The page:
A number sequence puzzle is given as a finite sequence of numbers; the challenge is to find the next number in the most obvious extension of the given sequence.

For example, given the puzzle 2, 5, 10, 17, we can see it as the start of the following sequence of numbers: 2, 5, 10, 17, 17, 17, 17, 17, 17, .... But that is "not right": there is no good reason to follow up with more numbers 17. So it's not a good answer. But we can find a simple function that generates every number in the sequence: f(n) = n*n + 1. According to this function, the next number is 26. And if this is the simplest function to describe the given sequence, 26 is the best answer.

If only polynomial functions are used, a completely general method exists to solve these puzzles: Lagrange interpolation. Given any finite sequence of numbers, it always produces the least complex polynomial that fits the sequence; this polynomial is unique and it determines a unique next number. It is not always an integer, but this can be fixed by using a different interpolation formula.

In general, a solution does not have to be a polynomial; it may be some other computable function. For example, you probably want to follow up 0, 1, 0, 1, 0, 1, 0, 1 with 0, but that is not what Lagrange interpolation will produce. So the aim is more generally to find the 'simplest' function that generates another number. To this end, we can define 'simplest' as 'having the lowest Kolmogorov complexity'. The Kolmogorov complexity of a function is the amount of code required to program it; with a Turing machine, to be exact. This doesn't guarantee a unique result, but that's not the point - the point is to give a reasonable measure against which proposed solutions can be compared.

Why use a Turing machine to define complexity, you may ask. The answer is

  • we have to take some machine model, and the Turing machine is pretty standard
  • the theory shows that the choice of machine model doesn't really make much of a difference on the whole, although it matters when comparing individual functions
Still, it is meaningful to ask if the machine model can be 'fine-tuned' to be a closer approximation to the human intuition regarding these puzzles. A machine with random memory access seems more reasonable, for instance.

PS Suvrat makes the point that many sequence puzzles draw on real world knowledge. For example, 3, 3, 5, 4, 4, 3 can be followed by 5 because the sequence represents the string lengths of the English numerals. The approach above implicitly assumes that no such knowledge is required.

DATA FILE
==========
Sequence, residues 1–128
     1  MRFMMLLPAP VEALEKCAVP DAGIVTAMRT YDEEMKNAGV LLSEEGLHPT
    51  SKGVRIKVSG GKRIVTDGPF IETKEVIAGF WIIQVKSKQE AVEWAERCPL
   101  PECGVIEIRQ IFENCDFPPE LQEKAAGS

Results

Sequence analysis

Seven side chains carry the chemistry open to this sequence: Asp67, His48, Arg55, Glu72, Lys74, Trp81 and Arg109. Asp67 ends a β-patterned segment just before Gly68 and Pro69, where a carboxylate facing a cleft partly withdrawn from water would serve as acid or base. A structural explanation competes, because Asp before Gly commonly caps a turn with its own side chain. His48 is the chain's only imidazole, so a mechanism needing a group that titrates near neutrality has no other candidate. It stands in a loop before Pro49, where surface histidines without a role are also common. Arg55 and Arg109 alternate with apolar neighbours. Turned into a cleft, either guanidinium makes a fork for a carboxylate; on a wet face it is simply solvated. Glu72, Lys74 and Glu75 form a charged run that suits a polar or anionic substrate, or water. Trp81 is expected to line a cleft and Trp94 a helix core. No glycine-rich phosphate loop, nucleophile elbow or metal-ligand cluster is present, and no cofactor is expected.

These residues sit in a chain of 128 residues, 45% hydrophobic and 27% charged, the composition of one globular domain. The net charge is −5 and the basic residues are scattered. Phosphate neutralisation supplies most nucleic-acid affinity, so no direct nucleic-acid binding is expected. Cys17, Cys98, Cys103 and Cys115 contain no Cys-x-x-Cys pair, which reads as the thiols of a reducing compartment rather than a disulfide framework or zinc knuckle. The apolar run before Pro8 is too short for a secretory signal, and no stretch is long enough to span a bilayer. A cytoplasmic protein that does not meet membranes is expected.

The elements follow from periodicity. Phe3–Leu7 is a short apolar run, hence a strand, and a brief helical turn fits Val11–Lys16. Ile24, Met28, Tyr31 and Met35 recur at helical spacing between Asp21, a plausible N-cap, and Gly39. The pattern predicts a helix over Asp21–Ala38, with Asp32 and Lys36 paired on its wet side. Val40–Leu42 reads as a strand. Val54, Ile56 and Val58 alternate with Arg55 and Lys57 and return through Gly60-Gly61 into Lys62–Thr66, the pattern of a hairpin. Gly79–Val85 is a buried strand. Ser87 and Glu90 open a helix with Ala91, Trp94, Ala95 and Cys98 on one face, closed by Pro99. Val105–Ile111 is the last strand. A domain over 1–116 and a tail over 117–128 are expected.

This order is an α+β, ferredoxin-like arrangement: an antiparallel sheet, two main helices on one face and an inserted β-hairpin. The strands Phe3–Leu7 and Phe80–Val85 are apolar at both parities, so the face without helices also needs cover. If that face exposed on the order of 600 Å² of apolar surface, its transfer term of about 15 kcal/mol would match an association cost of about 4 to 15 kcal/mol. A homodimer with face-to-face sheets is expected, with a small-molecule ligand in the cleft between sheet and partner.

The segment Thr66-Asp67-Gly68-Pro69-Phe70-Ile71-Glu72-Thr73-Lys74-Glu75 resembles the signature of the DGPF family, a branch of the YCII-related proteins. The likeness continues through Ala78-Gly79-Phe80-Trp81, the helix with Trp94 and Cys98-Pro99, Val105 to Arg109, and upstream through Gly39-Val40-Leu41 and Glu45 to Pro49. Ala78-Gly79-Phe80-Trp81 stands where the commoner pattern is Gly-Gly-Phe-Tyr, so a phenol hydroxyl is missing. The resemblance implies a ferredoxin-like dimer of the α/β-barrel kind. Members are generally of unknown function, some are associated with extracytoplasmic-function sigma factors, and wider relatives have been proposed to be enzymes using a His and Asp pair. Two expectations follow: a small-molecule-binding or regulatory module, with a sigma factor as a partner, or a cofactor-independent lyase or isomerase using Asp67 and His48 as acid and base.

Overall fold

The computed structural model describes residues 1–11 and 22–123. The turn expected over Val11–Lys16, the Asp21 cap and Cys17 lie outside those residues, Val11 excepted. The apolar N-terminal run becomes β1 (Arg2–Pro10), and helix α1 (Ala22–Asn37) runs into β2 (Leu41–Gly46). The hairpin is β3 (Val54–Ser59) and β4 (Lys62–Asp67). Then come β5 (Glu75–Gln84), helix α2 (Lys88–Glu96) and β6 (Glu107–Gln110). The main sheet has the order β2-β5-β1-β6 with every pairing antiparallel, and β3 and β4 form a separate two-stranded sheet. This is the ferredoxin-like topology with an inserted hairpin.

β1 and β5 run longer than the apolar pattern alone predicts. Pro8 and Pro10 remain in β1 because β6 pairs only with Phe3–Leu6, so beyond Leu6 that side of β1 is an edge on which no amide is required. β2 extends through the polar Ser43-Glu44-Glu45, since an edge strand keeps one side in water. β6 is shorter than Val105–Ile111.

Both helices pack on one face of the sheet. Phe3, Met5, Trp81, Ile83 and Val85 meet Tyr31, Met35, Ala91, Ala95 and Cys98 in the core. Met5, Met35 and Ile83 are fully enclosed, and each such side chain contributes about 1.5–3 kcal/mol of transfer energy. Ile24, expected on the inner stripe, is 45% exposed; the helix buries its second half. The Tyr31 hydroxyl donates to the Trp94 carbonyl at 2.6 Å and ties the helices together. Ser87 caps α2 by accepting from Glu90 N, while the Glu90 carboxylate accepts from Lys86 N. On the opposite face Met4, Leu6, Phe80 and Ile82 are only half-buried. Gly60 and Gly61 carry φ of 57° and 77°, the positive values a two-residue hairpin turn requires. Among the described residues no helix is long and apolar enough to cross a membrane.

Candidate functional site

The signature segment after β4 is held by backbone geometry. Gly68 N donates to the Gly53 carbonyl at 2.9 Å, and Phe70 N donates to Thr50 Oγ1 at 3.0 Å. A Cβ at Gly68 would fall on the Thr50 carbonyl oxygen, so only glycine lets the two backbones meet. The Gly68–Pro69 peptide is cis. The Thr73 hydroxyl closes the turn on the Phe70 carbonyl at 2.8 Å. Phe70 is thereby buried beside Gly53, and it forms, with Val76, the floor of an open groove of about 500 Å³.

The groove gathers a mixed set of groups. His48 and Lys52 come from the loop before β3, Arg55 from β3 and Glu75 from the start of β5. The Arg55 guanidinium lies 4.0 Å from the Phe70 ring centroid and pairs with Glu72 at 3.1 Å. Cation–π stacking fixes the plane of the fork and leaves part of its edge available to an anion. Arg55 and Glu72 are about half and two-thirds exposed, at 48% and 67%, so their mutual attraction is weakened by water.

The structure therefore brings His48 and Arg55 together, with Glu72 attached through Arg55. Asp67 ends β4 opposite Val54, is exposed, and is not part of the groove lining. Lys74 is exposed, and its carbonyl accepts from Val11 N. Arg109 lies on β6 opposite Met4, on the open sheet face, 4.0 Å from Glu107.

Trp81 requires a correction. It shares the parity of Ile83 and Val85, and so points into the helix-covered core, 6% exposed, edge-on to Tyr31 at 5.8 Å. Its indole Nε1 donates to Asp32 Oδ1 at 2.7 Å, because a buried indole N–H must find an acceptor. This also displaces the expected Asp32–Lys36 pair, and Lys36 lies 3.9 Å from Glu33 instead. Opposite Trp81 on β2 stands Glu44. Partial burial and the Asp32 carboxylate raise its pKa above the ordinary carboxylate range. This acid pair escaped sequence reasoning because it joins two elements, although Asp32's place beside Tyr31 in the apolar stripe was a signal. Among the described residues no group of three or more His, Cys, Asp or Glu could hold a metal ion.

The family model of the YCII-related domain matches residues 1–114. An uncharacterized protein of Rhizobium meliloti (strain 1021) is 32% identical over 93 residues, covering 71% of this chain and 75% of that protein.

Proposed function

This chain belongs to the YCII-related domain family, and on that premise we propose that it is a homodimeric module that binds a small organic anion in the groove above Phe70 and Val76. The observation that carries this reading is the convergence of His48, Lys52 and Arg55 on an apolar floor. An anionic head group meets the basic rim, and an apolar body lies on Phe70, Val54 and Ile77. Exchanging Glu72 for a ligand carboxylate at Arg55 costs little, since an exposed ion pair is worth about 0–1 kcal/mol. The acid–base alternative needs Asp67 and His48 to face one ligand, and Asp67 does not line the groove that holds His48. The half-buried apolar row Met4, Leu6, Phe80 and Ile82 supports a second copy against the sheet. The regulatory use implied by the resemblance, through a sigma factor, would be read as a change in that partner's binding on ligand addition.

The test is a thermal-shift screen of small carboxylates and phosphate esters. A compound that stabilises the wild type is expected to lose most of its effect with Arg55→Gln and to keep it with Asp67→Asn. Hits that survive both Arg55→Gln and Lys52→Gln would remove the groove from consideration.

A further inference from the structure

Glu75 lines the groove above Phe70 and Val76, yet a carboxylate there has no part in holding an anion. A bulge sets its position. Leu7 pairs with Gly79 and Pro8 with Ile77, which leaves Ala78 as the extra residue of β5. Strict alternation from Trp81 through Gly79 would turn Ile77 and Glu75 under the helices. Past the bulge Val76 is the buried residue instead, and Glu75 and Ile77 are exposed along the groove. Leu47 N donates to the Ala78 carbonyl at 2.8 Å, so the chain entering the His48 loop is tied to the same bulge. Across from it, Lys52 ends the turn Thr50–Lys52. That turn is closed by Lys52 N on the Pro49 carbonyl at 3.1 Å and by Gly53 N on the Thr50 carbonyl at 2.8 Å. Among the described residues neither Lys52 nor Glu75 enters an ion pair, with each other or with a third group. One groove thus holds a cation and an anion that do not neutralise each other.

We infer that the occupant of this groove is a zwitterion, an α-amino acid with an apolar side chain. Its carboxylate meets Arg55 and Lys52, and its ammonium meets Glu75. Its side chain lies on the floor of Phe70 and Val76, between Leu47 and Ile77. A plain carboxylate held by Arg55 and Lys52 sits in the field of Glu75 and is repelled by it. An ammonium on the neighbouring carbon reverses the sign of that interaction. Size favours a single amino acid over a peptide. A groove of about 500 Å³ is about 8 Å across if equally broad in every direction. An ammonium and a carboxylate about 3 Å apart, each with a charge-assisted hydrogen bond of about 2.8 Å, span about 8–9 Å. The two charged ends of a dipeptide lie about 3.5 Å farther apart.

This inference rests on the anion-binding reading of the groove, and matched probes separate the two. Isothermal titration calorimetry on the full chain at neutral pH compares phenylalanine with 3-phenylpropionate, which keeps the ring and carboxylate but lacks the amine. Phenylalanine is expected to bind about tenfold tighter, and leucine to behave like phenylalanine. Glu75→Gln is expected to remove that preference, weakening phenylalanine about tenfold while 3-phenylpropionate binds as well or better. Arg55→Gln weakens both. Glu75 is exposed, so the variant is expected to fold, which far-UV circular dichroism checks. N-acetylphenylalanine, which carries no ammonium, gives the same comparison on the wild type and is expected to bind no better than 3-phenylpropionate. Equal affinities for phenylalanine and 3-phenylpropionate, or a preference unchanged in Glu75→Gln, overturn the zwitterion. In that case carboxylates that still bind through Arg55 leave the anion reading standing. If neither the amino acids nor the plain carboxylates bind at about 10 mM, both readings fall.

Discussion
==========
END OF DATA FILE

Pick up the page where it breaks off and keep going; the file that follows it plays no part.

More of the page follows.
So how would you go about doing this "Lagrange interpolation" by hand on a quiz?

Well, suppose we're given a sequence 2,5,10,17. We'll write down the numbers in one row, then below them their differences, and then proceed writing successive differences:

 2  5  10 17 ? ...
   3  5  7  ?
     2  2  ?
Eventually we get a constant row (note that each row is one number shorter, so obviously we might get a length=1 row, which is constant; this probably doesn't count as a "solution").

Now extend the table: the constant row remains constant, the other entries are then forced:

 2  5  10 17 26 37 ...
   3  5  7  9 11 ...
     2  2 2  2 ...
Note that, amazingly enough, the method of successive differences has found the numbers of the sequence n2+1.

This method works for any polynomial sequence.

If, instead of differences, we also allow ourselves to pick quotients, we can "discover" rules for a wider class of sequences (of course, since every row is still shorter, we can now discover more rules for any given sequence fragment...). For instance, the sequence 1,2,4,8,16,32,... is probably best "explained" by taking a quotient at the first step, and getting a constant row of 2's.

The extended method can additionally find any sequence that is polynomial in n and an, for any constant a. But nn, for instance, is still beyond the scope of this method.

Regarding Ariel's WU above, thats what you would need to do to interpolate anyway-calculate successive differences!.

But my primary point is about rp's WU above. There are two problems. The first is that it is only very very rarely that this 'generating function' happens to be a polynomial. The second point is about the definition of complexity above. I dont think that this it's valid to use a Turing Machine criterion to decide simplicity because thats not the way the human brain works. Here's an example. Consider the sequence:
3,5,7,11,13,17...